Once you have picked your colors, get your work station ready. Get an old cup for rinsing your brushes, some paper or plastic to cover your working area, a palette (or a paper plate will do) and keep a lightly moistened paper towel nearby so as to dab away any mistakes. While you paint use hard, flat, brushes for straight lines. As you can see the color gets much lighter as it dries; in addition the color of the paint will change pretty dramatically once it is fired – most noticeably it will be much richer. You should put 2-3 coats of underglaze. Make sure that each coat is completely dried before applying the next or else some of the not-fully-dried paint may “stick” to the fresh paint and expose the clay.
You can choose to paint the whole knob with a base coat first and then draw your design and paint it. However if you do this and make a mistake drawing, then when you erase it you have to be careful because you could easily erase some of the base coat. This may not be an issue if you are painting that area of a different color, but if not then it may end up being a noticeable “spot” on your knob. When you are done with the underglaze, you may wish to put a clear overglaze as a final coat. This is not necessary, but makes your knobs shiny and also helps a bit to make your work last.
Whether or not you should put clear overglaze is more of a style decision – would some glisten on your knob look better on the finished product or not? Here is a piece that uses the contrast the different look and shine the overglaze gives the final product. On the left the overlaze was used while on the right it was not.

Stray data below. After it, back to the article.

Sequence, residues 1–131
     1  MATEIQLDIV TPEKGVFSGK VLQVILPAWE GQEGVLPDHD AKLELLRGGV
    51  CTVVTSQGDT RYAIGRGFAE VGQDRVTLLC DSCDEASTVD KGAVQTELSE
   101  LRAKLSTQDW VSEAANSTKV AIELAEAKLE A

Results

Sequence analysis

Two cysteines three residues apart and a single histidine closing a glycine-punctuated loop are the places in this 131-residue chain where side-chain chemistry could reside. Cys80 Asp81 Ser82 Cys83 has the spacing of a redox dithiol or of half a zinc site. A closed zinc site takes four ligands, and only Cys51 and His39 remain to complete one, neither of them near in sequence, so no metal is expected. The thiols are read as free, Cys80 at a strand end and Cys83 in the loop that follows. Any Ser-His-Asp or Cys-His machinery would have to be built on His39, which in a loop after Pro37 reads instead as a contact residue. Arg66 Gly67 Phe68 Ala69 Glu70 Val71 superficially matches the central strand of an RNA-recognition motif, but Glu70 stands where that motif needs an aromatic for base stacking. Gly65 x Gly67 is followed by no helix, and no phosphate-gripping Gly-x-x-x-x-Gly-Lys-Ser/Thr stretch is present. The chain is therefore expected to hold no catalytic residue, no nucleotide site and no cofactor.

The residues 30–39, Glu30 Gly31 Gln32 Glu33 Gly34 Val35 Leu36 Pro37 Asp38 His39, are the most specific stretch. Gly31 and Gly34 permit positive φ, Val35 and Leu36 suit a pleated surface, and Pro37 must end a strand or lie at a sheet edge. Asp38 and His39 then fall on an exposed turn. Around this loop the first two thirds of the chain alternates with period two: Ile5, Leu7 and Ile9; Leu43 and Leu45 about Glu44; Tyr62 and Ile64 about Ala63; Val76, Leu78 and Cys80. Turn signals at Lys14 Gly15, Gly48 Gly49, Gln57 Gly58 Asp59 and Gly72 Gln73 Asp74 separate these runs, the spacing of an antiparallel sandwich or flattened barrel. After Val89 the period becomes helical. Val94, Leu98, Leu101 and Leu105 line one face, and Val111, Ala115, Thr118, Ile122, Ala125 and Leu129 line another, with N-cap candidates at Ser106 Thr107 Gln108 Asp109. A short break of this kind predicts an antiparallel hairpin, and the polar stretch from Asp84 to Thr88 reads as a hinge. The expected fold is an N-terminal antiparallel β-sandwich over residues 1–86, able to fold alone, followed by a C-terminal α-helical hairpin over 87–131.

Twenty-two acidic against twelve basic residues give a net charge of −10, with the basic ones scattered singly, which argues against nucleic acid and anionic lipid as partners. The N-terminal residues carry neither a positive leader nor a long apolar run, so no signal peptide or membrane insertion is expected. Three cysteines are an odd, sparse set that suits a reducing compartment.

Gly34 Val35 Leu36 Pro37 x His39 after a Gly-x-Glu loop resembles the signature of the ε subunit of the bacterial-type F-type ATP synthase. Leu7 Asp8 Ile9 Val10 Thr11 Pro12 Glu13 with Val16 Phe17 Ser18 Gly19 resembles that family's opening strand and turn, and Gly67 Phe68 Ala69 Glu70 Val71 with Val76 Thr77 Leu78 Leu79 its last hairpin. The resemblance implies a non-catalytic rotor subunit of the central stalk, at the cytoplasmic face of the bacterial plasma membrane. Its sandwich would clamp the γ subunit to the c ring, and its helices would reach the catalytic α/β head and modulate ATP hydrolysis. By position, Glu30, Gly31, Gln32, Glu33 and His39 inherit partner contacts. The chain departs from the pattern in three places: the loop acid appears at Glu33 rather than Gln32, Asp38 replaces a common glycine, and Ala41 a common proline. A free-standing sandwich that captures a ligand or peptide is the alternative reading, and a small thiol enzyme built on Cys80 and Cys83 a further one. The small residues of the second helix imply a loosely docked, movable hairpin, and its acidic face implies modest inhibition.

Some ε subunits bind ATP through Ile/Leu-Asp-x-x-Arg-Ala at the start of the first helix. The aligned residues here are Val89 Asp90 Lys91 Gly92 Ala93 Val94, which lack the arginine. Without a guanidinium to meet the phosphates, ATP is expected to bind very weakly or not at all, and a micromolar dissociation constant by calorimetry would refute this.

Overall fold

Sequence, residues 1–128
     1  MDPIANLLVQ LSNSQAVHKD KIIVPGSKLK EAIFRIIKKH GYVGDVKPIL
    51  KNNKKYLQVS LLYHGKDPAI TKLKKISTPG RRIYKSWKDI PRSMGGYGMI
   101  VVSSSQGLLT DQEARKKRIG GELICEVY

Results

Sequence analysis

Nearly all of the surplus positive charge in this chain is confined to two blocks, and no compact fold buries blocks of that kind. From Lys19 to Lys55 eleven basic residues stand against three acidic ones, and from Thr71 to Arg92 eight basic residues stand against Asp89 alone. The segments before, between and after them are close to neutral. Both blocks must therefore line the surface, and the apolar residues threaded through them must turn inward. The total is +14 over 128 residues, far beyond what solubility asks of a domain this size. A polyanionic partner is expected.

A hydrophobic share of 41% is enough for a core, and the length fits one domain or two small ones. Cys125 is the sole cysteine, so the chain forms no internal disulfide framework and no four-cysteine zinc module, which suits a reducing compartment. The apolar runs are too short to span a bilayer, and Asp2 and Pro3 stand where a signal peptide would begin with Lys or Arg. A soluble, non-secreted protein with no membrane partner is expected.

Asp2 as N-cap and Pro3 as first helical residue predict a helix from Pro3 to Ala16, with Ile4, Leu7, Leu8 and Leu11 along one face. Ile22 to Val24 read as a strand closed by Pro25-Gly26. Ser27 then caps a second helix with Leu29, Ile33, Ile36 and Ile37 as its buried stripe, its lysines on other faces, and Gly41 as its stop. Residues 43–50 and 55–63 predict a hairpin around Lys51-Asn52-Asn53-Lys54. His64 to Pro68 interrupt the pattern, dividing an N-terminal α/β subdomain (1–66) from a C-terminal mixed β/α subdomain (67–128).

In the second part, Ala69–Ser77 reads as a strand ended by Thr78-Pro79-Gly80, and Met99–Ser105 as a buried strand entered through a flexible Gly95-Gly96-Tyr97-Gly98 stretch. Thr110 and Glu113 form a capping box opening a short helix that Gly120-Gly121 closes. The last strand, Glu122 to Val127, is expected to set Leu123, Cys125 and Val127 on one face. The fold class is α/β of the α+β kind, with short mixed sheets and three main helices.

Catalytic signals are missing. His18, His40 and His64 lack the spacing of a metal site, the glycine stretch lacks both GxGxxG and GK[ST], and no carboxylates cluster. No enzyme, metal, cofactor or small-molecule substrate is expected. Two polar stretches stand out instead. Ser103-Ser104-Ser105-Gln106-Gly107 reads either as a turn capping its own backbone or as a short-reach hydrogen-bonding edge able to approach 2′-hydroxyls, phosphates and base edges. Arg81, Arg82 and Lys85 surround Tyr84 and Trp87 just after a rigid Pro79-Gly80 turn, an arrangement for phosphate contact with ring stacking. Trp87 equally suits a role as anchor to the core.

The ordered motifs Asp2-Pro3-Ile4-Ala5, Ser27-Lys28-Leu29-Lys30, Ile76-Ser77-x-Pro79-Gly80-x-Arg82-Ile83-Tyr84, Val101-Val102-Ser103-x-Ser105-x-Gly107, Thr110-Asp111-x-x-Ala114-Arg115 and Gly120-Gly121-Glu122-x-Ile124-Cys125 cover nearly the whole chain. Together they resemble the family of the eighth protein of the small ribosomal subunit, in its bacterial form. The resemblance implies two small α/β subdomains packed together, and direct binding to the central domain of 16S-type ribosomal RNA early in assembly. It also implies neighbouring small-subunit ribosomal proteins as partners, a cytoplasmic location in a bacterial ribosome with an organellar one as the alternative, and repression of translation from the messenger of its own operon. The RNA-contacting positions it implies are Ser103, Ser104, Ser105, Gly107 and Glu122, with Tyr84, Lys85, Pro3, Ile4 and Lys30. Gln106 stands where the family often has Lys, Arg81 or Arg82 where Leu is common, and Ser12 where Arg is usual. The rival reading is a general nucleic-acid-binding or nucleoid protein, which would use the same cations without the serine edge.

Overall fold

4. Firing Your Knobs
Once you have finished painting the last step is firing your piece. As mentioned in the Introductory blog, if you do not have a kiln many local artists or ceramics shops are willing to fire pieces for free or a minimal fee. These knobs should be fired at Cone 06.
There are two options of ready-to-fire ceramic knobs, glazed and unglazed.
The difference between the two is that the unglazed has not had any paint applied to it, so the glazed knob is shinier and softer. The color of the unglazed knob is the color of the clay; glazed knobs usually come in white or clay colored (when it’s been coated with a clear glaze).
The unglazed option allows for you to paint the knob any base color, the glazed knob is already coated with base and you can paint a design right onto it. To paint these ceramic knobs you can use acrylic paint or glaze, both can be purchased at an arts store or online. If you use acrylic your project is finished as soon as your paint is dried. On the other hand if you use glaze you will have to fire your knob in a kiln. You must use a kiln, which is a special oven for firing clay, a regular oven cannot do the job. If you do not have access to a kiln, you may be able to find a pottery shop, a local ceramics studio or ceramics artist which will be willing to fire your pieces for you. Regardless of whether you are using acrylic or glaze you will want to get a few different sizes of brushes, making sure to get smaller ones if you plan to paint a lot of detail. Also, make sure you to get medium soft or harder brushes if using underglaze as it will make it much easier to apply the paint because it is not as thick as acrylic.
You may want to keep in mind that if you use glaze, the paint will be fired onto your knob – meaning it will be set on the clay. On the other hand if you use acrylic, which is a plastic-based paint, it will be superficially set on the clay. What this means is that the durability of your work is affected, with fired glazed knobs lasting longer than acrylic painted knobs. However, if your knobs will be mostly decorative and not will not be handled too much, acrylic will work just fine and then you do not have to worry about finding a kiln if you do not have one.